2 solons seek to end row between LTFRB, ride-sharing firms
Amid a conflict between the Land Transportation Franchising and Regulatory Board (LTFRB) and the app-based transport services Grab and Uber, two congressmen have initiated moves to end the disorder affecting countless of commuters or riders.
Davao City Rep. Karlo Nograles and his brother Pwersa ng Bayaning Atleta (PBA) Rep. Jericho Nograles have filed House Bill 6009 to end the disagreement between the Transportation Network Companies (TNCs) and the LTFRB.
The dispute has led to a crackdown on Uber and Grab vehicles that do not have franchises to operate.
The House Bill 6009, or the Transport Network Service Act, seeks to institutionalize TNC as an alternative mode of public transport, and to regulate the operations of these services “to ensure that the paramount interest of the public is protected and conserved, while encouraging free enterprise and economic development.”
According to House Bill 6009, the TNCs would only be allowed to operate if they are able to comply with all the requirements and secure a permit from the LTFRB.
The bill defines these companies and their drivers as “common carriers” for purposes of determining the liability and degree of diligence so that the presumption of negligence in case of breach of contract of carriage may apply to both.
The bill would require these ride-sharing and -hailing companies to secure a permit from the LTFRB and to oblige the TNCs to ensure that their drivers would comply with all the requirements and obligations set by law.
The bill would require an Uber and Grab operator the following:
- Create an application process for a person to apply for registration as a transportation network driver
- Maintain an updated database of the TNC’s transportation network drivers
- Maintain a website
- Conduct or have a third party conduct a safety inspection of the personal vehicle that a TNC will use before the motor vehicle may be used to provide transportation network services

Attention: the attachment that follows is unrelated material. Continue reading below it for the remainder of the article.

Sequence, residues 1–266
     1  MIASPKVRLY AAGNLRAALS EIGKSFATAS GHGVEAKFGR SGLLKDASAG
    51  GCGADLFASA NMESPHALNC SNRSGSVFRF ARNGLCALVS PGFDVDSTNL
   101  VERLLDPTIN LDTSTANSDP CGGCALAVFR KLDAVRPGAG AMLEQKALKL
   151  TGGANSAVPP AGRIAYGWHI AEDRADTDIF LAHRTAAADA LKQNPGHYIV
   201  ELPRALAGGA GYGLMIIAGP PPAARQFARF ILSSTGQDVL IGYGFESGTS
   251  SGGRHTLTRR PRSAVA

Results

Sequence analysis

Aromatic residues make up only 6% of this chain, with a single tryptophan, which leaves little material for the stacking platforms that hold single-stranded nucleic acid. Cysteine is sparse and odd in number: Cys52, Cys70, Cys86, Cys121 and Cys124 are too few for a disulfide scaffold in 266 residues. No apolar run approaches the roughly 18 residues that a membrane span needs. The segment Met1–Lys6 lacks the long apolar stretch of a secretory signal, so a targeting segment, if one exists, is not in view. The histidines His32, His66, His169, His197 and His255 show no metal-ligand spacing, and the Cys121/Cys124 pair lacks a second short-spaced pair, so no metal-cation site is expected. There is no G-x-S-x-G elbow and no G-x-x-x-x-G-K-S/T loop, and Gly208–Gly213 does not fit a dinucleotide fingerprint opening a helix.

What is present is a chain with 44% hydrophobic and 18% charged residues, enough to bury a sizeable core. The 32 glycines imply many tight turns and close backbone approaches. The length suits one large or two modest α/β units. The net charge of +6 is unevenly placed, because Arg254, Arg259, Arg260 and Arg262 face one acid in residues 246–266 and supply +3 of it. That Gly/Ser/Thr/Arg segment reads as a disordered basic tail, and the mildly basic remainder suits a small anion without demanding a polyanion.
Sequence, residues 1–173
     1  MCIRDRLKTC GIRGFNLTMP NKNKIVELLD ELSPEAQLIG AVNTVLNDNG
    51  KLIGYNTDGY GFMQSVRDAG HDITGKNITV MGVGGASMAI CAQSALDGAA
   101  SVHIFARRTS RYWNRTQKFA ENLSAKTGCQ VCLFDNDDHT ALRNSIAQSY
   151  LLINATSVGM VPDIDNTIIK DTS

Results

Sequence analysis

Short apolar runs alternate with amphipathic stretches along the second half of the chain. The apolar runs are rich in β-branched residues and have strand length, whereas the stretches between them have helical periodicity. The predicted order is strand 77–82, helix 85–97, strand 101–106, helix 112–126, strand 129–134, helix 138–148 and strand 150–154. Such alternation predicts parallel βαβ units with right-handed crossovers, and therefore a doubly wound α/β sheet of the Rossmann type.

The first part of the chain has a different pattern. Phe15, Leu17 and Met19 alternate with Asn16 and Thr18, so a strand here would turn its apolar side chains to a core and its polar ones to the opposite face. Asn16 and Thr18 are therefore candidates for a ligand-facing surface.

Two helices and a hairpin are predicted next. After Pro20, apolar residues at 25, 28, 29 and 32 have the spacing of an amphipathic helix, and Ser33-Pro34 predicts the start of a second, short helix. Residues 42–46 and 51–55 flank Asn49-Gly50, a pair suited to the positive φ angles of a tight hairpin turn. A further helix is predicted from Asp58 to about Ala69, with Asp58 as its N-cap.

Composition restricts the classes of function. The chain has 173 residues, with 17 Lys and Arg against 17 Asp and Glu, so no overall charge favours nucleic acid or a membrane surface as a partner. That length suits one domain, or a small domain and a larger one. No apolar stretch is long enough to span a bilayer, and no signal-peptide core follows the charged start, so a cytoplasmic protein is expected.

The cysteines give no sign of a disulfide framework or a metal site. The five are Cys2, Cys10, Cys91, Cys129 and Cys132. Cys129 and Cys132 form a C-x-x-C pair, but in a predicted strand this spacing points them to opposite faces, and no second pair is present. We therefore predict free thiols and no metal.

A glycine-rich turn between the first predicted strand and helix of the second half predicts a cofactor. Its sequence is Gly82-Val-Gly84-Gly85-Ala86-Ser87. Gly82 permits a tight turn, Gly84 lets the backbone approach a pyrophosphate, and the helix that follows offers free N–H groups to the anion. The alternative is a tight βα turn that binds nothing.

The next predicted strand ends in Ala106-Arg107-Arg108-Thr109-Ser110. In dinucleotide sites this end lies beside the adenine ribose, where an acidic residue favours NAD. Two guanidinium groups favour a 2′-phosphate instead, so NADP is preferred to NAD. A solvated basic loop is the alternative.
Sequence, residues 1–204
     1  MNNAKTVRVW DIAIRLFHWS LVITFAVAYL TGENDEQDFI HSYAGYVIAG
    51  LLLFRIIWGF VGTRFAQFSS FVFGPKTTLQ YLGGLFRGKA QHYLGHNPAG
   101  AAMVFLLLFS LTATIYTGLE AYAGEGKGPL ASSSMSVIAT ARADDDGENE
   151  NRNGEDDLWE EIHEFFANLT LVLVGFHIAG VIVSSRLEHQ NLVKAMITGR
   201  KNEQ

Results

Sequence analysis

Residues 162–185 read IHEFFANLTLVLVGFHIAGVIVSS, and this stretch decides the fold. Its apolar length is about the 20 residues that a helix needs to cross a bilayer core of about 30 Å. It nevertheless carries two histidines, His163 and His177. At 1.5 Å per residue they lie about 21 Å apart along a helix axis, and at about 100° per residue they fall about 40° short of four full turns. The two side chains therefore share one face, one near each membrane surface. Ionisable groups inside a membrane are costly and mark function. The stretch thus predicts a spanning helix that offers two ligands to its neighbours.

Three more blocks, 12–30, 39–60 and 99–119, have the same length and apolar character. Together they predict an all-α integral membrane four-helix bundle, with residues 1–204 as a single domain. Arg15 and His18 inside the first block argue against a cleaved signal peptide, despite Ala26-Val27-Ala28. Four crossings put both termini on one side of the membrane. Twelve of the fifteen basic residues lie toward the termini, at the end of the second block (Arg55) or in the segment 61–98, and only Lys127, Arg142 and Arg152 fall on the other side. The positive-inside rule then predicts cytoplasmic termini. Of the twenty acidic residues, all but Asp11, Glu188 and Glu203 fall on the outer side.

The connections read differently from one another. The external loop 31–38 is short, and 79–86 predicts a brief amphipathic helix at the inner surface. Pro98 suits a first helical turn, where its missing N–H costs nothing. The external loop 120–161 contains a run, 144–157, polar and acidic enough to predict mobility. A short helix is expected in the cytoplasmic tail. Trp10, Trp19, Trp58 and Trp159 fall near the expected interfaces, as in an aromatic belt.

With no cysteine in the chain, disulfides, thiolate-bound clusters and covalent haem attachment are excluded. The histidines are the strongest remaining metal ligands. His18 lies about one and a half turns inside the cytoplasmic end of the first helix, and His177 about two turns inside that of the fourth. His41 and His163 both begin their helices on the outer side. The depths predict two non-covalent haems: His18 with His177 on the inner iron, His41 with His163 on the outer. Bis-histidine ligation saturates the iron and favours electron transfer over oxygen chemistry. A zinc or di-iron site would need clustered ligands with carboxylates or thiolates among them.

- Maintain an insurance policy for its driver-partners and their passengers.
The TNCs are also expected to strictly adopt a zero tolerance policy for drug or alcohol use among its drivers, and must ensure that the vehicles are safe and comfortable.
TNC vehicles are also prohibited from exceeding the car manufacturer’s designed seating capacity in its ride-sharing activities, the bill said.
The Uber and Grab vehicles should also be not more than 10 years old, and must be road-worthy and compliant with vehicle emission standards, the bill added.
In a statement, Davao City Rep. Nograles said the tiff between the TNCs and LTFRB is a “classic case of a clash between what is good and what is legal,” especially because Uber and Grab remained a favored convenient form of public transportation.
“Obviously, a lot of people patronize Uber and Grab because of our horrible public transport system but at the same time the LTFRB must exercise its mandate to ensure that all public conveyances should possess a franchise to operate. This issue would be addressed by our proposed law on TNCs,” Nograles said.
PBA Rep. Nograles in the same statement said there is still a need to regulate Uber and Grab because these are relatively new modes of public transportation.
He lamented that the operation of Grab and Uber would not have been an issue if the country had an efficient mass transport system in the Metro Rail and Light Rail Transits System.
“The concept of Uber and Grab is new to us so therefore new regulations must be set to ensure that they are properly managed. Unfortunately, we don’t even need to go through this kind of trouble if only we have an efficient public transport system and an MRT that doesn’t break down too often,” he said
The PBA Partylist earlier challenged LTFRB to first tackle “colorum” public vehicles instead of cracking down on ride-hailing companies like Grab and Uber. Airei Kim Guanga, INQUIRER.net trainee / JPV/rga
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